Being a career parent has its pitfalls, including the guilt that can sometimes come with dropping off the kids at daycare every day of the week. Fortunately, for any parent experiencing this guilt or getting an earful from an unhelpful mother-in-law about how daycare can make a child aggressive or mean, that doesn’t seem to be the case.
According to a new study from the Institute of Early Childhood Policy at Boston College, a larger amount of time spent in childcare centers did not correlate with any negative behaviors like hitting, biting, or bullying. In fact, the study found some positive connections between kids spending time in daycare and their behavior down the road.
“The fact that we find no relation between spending time in center-based care and children’s externalizing behaviors is reassuring for parents, given the current trends in child care use and parental participation in the labor force,” said study author Catalina Rey-Guerra.
The study looked at more than 10,000 toddlers and preschoolers who took part in seven studies about child daycare from 1993 to 2012. While comparing the data, researchers found that as kids got older, they tended to spend more time in daycare centers, but this did not have any tie to an uptick in unwanted or negative “externalized” behaviors outside of the daycare, like hair pulling, picking fights, or restlessness.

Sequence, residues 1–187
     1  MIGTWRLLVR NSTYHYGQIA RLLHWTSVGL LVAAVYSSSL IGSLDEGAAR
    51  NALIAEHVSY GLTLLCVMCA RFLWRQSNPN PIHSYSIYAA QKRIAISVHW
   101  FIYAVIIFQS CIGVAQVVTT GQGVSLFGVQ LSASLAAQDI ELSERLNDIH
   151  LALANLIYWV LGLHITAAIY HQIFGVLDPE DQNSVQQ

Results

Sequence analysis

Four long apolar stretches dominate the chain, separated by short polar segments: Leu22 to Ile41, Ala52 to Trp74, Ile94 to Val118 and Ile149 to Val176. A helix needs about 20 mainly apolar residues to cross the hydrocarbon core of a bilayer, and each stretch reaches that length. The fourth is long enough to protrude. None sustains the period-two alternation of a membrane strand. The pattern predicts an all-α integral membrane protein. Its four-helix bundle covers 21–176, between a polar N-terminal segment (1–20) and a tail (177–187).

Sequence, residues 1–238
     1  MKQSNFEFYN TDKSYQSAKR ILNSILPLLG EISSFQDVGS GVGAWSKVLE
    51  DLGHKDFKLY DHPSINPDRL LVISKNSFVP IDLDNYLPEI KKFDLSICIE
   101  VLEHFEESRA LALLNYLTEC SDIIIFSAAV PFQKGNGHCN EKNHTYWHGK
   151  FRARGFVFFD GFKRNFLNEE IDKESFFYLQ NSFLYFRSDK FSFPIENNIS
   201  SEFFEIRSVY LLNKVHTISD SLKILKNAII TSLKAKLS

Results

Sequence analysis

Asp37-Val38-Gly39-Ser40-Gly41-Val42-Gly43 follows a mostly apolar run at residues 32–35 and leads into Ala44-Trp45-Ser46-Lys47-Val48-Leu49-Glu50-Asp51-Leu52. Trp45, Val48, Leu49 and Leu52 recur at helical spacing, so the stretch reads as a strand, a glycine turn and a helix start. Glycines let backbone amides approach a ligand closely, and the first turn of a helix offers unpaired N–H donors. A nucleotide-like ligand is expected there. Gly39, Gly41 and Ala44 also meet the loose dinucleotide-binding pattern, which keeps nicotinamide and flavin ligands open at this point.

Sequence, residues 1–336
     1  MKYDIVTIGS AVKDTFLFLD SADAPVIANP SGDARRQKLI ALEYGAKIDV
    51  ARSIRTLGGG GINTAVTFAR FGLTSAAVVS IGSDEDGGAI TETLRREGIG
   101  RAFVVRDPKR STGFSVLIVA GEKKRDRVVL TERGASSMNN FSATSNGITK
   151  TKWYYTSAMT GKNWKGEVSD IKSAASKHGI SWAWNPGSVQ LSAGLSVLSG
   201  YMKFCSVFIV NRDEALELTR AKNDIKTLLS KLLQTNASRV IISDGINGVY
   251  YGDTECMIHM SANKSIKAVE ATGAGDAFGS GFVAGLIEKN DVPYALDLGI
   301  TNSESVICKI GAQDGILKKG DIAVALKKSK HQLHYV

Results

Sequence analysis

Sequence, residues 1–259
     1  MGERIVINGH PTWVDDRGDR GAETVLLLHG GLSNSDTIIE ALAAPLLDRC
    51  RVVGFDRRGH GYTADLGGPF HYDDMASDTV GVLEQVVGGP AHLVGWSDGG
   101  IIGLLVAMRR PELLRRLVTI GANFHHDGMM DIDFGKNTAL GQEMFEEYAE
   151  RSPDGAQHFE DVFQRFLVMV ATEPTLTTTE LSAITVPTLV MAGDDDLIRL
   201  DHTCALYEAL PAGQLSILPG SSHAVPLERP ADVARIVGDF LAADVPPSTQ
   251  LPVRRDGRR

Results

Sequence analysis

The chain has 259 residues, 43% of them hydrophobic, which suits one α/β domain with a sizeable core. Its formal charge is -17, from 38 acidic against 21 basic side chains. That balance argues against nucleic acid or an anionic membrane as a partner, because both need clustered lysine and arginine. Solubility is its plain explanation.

“Our findings speak to both the direct positive effects that attending child care might have on children and also to the indirect positive effects through parents being able to participate in the workforce without the fear of any harmful effects to their child,” Rey-Guerra told UPI.
Previous research had suggested otherwise, but Rey-Guerra noted that “the vast majority of studies done are purely ‘correlational,’ leaving open many alternative explanations as to why children who spend large amounts of time in center care could be at risk other than center care per se.”
This means that a number of other factors, like the friendliness of the daycare staff, whether or not the center is understaffed, or the cleanliness of the center itself, could be a reason why kids who spend a lot of time in daycare act out.
It’s also important to note that the notion that dropping off a child at day care every day of the week can lead to behavioral problems as an inherently sexist one. Carol Weitzman, MD, a pediatrician in the Division of Developmental Medicine at Boston Children’s Hospital and associate professor at Harvard Medical School, explained how previous studies could have been faulty due to societal expectations of mothers.
“One must wonder if there’s an underlying bias that children not in maternal care will fare worse and there will be threats to attachment,” Weitzman told WebMD. “When women comprise approximately 50% of the U.S. workforce, our questions should be about how to ensure quality and affordable care for all children and how to establish and enforce child-friendly parental leave policies.”
Ultimately, a parent has to do what is best for their family in terms of childcare. Sacrificing a career to eliminate the guilt of using day care, for example, could lead to resentment, acting as a disservice to everyone. Whether it’s a day care, a family member, or a neighbor, the best day care for a child is the one that works for every member of the family.